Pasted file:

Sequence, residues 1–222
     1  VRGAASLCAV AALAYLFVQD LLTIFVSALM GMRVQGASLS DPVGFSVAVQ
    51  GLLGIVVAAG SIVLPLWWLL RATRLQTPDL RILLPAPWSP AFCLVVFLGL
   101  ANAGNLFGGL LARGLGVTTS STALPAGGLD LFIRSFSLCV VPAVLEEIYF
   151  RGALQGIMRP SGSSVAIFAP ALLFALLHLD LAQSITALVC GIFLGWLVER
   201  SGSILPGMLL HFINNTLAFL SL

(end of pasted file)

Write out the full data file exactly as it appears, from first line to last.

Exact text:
Sequence, residues 1–222
     1  VRGAASLCAV AALAYLFVQD LLTIFVSALM GMRVQGASLS DPVGFSVAVQ
    51  GLLGIVVAAG SIVLPLWWLL RATRLQTPDL RILLPAPWSP AFCLVVFLGL
   101  ANAGNLFGGL LARGLGVTTS STALPAGGLD LFIRSFSLCV VPAVLEEIYF
   151  RGALQGIMRP SGSSVAIFAP ALLFALLHLD LAQSITALVC GIFLGWLVER
   201  SGSILPGMLL HFINNTLAFL SL